Dir: Tarik Saleh. Sweden. 2009. 80 mins.
An ambitious animated feature from Swedish film-maker Tarik Saleh, Metropia is always visuallyfascinating and full of inventiveness but never takes off dramatically, presenting a grim vision ofsociety in 2024 which feels overly familiar.
Made in 2D using photomontage and Animation Cut Out technique, Metropia’s images blend real footage with Saleh’s quirky characters to create a visual look that borders on the trippy. It will certainly have its fans, especially the sci-fi and fantasy crowd who will respond to its futuristic fiction but it will suffer in the wake of Shane Acker’s not dissimilar 9 and it is too challenging for wider audiences. It should score theatrical sales for its novelty value but its greatest exposure will be on the festival circuit; it premiered in Critics Week at Venice.
The film should score theatrical sales for its novelty value but its greatest exposure will be on the festival circuit
With its indie chic voice cast led by Vincent Gallo, Udo Kier and Juliette Lewis, Metropia is presented mostly in grey colour tones and set just 15 years from now in a Europe which has been brought to its knees by environmental disaster and economic crisis. The continent has been connected by a giant high-speed subway system which zips from Stockholm to Paris to Ingolstadt in three stops. The power behind the subway is a vast and shady corporation run by the slippery Ivan Bahn (voiced by Keir).
The Winston Smith in this instance is Roger (Gallo), a normal fellow from Stockholm suffering from some depression, insomnia and suspicions that his girlfriend is having an affair. One day when he enters the subway system, he starts to hear a stranger’s voice in his head claiming to be his inner self.Although Roger is on his way to work, he is distracted by the sight of the beautiful Nina (Lewis), a model from a shampoo commercial. When she confronts him for following her, she also brings up the voice in his head, leading him into a conspiracy that will uncover the secrets of the corporation and its sinister designs on mind control.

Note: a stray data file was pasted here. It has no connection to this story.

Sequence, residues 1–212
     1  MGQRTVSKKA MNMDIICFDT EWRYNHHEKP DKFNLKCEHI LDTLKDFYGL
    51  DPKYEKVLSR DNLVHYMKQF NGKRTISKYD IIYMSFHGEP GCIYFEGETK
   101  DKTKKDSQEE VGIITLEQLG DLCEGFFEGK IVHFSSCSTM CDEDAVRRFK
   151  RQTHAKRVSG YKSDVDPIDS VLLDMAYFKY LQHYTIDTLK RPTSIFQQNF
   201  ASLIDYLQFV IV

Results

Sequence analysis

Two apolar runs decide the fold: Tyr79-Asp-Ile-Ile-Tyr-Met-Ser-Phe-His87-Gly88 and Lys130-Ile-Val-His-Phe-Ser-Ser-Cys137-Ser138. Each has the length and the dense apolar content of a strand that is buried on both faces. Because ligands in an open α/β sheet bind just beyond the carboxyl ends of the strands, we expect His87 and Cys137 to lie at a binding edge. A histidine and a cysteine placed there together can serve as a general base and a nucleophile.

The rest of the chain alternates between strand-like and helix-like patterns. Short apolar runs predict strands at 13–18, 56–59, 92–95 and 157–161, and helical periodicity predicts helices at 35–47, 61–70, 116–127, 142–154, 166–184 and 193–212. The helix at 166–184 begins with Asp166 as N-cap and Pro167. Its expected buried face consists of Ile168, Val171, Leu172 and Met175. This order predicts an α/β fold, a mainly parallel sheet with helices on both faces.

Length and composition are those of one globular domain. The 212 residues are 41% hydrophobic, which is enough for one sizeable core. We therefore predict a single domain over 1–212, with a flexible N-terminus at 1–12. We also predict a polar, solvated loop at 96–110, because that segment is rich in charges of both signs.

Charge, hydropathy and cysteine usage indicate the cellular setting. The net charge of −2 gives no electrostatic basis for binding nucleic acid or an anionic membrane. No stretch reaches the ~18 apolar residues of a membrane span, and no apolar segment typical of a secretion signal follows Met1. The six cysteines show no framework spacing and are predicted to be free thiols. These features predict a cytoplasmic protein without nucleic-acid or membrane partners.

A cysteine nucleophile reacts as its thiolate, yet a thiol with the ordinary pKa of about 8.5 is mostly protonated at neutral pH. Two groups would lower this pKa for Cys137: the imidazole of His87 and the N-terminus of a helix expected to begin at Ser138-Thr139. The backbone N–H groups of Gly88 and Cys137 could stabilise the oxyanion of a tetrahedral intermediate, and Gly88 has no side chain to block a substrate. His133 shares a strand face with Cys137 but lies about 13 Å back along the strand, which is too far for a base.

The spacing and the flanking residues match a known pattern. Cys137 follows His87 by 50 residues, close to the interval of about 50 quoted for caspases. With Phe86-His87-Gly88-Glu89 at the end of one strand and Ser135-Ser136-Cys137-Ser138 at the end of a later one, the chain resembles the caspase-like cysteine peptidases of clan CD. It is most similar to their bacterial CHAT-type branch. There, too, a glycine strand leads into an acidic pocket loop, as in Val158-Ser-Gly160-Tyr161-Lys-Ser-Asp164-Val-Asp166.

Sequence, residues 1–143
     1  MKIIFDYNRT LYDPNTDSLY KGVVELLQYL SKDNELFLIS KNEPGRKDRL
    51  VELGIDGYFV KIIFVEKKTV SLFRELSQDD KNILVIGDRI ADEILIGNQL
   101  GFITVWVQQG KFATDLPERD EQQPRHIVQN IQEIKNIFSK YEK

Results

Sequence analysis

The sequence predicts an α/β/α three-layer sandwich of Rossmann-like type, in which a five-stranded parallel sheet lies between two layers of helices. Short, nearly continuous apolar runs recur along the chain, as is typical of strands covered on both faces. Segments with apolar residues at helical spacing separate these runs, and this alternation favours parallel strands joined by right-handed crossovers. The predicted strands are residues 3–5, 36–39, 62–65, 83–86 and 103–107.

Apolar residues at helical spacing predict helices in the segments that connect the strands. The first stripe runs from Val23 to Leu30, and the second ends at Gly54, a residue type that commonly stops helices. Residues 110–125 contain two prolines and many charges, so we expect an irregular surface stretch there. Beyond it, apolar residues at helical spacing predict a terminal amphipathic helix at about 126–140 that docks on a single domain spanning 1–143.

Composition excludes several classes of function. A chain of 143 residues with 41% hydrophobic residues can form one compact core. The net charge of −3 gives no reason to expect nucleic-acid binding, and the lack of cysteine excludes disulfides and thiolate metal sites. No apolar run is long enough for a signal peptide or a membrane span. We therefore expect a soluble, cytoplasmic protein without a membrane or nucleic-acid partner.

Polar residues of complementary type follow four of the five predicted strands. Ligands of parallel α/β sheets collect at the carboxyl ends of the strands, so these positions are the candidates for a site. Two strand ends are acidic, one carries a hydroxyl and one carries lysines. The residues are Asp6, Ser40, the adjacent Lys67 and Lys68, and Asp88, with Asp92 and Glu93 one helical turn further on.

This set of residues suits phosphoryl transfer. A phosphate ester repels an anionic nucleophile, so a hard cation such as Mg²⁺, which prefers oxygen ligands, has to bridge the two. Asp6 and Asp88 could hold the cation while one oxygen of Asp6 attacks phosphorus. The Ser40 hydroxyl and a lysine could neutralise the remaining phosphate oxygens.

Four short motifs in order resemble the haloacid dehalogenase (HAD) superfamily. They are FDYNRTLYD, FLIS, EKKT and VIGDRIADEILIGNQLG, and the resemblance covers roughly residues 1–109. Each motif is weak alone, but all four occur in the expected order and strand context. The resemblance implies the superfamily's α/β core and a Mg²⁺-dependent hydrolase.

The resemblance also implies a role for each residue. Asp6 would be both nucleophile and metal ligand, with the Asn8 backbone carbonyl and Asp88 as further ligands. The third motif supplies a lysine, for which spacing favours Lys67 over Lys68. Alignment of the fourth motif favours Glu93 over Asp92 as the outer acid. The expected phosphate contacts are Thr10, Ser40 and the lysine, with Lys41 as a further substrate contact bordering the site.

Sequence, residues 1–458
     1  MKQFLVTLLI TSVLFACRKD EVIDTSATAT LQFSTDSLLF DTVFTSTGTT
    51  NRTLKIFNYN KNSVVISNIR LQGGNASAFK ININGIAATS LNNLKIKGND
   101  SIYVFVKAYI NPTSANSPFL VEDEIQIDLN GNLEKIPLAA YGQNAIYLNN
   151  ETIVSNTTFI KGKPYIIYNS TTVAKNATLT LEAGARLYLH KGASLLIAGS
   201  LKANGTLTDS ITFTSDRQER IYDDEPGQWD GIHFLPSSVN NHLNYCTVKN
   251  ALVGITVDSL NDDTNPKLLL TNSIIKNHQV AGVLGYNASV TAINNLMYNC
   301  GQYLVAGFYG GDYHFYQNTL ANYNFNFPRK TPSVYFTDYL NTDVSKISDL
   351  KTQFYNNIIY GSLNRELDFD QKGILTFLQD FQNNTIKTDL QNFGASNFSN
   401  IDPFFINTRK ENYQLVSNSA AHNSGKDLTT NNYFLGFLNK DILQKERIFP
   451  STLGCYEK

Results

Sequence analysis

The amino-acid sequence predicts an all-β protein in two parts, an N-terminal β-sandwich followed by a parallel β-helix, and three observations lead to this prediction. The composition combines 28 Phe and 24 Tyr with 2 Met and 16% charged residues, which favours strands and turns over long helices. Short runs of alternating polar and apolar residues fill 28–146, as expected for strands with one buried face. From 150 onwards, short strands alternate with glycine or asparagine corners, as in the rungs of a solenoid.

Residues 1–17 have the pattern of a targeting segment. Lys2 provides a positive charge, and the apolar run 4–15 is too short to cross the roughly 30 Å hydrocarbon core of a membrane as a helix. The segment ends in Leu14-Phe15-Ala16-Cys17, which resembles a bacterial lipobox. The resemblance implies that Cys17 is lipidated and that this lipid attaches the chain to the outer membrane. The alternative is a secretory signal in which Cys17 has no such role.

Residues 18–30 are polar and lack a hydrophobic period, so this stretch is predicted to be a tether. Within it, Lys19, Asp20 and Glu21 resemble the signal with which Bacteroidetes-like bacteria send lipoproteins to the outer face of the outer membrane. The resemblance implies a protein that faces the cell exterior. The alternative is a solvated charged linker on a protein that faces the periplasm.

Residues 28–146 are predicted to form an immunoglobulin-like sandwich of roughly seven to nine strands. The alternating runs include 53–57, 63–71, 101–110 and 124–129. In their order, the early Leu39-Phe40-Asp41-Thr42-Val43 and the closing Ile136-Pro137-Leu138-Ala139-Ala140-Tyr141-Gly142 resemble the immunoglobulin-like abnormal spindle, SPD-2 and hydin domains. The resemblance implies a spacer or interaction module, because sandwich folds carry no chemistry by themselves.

The characters move clunkily, rather like Thunderbird puppets (indeed Nina is reminiscent of Lady Penelope), which adds to the film’s appeal. There is little humour, however, and the all-pervasive gloom of the piece rarely lets up.
There are also hints of Lars Von Trier’s Europa in the visual design, but unlike that film, Saleh doesn’t have much to say about Europe itself and it is a mystery why the lead protagonists have American accents especially when the European setting and currency are so prominently featured.
Atmosphere is not easy to generate in an animated film and, while Saleh and art director Martin Hultman do a fine job of the design, the subway never really comes alive as a character like in Nimrod Antal’s Control, for example. Then again, they are working on a Euros 3m budget, just a tiny fraction of a Pixar or DreamWorks animated cost. And that is a small miracle in itself. companies
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Main voice cast